O estudo “Health care resource utilization and costs in opioid-treated patients with and without constipation in Brazil” conduzido pela equipe ANOVA em conjunto com a AxisMed e a Pfizer acaba de ser aceito para o número especial do periódico Value in Health para a América Latina (Value in Health Special Issue: Pharmacoeconomics & Outcomes Research in Latin America). A ViH é o periódico oficial da ISPOR (International Society For Pharmacoeconomics And Outcomes Research) e o objetivo desse número especial é promover a ciência da farmacoeconomia e pesquisa de desfechos na América Latina e ainda compartilhar os resultados de pesquisa de desfechos de países da região.
Health care resource utilization and costs in opioid-treated patients with and without constipation in Brazil
Maira L.S. Takemoto, RN, MSc, R.A. Fernandes, MD, MSc, G.R. Almeida, PharmD, R.D.C. Monteiro, PharmD, M. Colombini-Neto, MD, MSc, A. Bertola-Neto, BBA
Objective: To estimate the prevalence of constipation concomitant to opioid treatment and related resource utilization and costs from the private payer perspective.
Methods: In this retrospective database analysis, patients on opioid therapy were identified from a longitudinal insurance claims database. An algorithm was used to identify patients on opioid therapy with coincident constipation-related claims according to ICD-10 codes, targeted procedures and opioid use criteria. Resource utilization and costs were determined for these individuals and compared with patients on opioid therapy without constipation, without opioid therapy with constipation and without both conditions. Results were compared using ANOVA with a significance level of 0.05.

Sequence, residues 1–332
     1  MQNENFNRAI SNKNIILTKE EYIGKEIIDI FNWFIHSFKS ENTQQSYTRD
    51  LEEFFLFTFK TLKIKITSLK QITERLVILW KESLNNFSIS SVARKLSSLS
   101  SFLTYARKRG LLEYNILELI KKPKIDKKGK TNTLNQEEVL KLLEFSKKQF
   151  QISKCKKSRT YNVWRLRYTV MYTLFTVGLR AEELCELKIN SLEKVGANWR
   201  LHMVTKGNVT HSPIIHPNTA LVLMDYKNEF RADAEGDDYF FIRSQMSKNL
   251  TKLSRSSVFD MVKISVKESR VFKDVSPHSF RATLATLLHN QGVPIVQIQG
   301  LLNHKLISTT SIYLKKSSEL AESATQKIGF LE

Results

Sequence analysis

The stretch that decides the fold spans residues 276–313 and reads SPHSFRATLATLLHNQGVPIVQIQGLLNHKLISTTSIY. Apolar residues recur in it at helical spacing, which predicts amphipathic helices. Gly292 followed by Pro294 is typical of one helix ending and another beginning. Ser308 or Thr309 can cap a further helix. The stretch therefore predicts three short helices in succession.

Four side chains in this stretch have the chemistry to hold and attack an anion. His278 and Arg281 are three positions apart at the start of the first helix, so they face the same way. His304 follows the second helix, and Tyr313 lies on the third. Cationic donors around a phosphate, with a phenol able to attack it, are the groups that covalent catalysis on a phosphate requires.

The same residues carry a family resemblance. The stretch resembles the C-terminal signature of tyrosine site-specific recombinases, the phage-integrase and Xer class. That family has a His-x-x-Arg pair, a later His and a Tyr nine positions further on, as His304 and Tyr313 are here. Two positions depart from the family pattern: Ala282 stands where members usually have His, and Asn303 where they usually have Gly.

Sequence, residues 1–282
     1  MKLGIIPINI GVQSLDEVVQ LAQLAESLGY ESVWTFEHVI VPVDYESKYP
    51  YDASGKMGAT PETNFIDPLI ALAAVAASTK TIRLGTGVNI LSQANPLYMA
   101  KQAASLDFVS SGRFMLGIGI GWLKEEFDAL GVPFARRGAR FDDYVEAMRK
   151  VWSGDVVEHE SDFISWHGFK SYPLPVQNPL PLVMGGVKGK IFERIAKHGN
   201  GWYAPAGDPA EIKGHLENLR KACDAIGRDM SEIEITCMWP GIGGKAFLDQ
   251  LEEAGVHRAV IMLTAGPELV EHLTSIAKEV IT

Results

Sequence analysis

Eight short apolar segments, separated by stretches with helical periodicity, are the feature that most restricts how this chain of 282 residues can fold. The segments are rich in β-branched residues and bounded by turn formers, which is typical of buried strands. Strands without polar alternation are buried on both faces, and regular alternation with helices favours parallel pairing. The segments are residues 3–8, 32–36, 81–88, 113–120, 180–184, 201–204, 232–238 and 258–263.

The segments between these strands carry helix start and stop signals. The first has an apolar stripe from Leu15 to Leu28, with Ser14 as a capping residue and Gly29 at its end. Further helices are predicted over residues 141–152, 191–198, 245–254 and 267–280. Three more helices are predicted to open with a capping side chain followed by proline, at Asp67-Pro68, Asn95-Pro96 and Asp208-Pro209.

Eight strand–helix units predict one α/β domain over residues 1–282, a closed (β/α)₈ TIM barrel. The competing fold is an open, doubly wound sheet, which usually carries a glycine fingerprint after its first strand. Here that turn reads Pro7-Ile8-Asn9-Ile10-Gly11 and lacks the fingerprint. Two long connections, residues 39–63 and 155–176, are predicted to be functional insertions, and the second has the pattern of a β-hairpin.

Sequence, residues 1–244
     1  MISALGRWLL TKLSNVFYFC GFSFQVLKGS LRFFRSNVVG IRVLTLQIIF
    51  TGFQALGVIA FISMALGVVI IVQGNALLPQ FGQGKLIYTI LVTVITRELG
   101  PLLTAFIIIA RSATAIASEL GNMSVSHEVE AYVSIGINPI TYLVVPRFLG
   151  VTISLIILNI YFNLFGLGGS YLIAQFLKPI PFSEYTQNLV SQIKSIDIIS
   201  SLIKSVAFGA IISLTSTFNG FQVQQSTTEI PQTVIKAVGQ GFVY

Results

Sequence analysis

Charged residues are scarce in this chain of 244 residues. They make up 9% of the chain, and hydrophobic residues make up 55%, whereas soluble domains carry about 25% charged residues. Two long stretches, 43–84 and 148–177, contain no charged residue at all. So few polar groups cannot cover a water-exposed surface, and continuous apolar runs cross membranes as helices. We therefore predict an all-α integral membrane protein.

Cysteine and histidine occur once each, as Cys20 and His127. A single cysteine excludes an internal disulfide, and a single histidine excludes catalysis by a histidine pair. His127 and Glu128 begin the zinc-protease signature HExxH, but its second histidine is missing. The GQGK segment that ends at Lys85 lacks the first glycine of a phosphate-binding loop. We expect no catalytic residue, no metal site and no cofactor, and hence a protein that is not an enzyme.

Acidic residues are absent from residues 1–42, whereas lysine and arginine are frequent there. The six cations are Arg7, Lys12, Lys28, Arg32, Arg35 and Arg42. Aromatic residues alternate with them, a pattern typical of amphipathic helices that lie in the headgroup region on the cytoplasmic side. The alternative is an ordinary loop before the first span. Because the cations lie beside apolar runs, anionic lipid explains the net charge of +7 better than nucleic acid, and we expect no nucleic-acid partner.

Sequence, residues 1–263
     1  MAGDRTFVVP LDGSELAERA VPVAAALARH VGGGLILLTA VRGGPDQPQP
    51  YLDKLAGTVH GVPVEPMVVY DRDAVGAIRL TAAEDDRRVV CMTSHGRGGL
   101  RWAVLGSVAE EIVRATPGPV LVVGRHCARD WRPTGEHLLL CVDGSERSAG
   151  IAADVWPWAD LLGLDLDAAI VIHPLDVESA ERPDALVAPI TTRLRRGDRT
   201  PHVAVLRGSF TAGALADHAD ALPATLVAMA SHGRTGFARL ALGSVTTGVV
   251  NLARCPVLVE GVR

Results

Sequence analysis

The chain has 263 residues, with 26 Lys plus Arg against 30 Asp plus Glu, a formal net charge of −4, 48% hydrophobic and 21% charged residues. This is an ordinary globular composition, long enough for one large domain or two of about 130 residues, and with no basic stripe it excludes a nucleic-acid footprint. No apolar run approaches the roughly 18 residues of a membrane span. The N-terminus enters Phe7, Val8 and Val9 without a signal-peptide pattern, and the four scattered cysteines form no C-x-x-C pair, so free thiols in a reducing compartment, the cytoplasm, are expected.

Results: A total of 23,313 patients were classified as opioid treated patients (2.2%) and 6,678 of them had events related to constipation (29.0%). Compared with opioid treated patients without constipation, incremental mean total costs per month per patient were 261.18 BRL (p<0.001). The average cost per month for opioid-related constipation patients was 787.84 BRL, significantly higher than other patients (p<0.001 for all comparisons). Among cancer patients, 24.4% was receiving opioids and 27.0% of those had constipation-related claims. As expected, the opioid therapy prevalence was significantly higher when compared to all patients (2.2% vs. 24.4%, p<0.001). Cancer patients had, in average, higher costs than did non-cancer patients in all four subgroups.
Conclusions: Patients with constipation coincident with opioid treatment exhibited a significantly higher economic burden than did patients without the condition. These results indicate that reducing opioid-induced constipation could lead to potential cost savings for the health care system.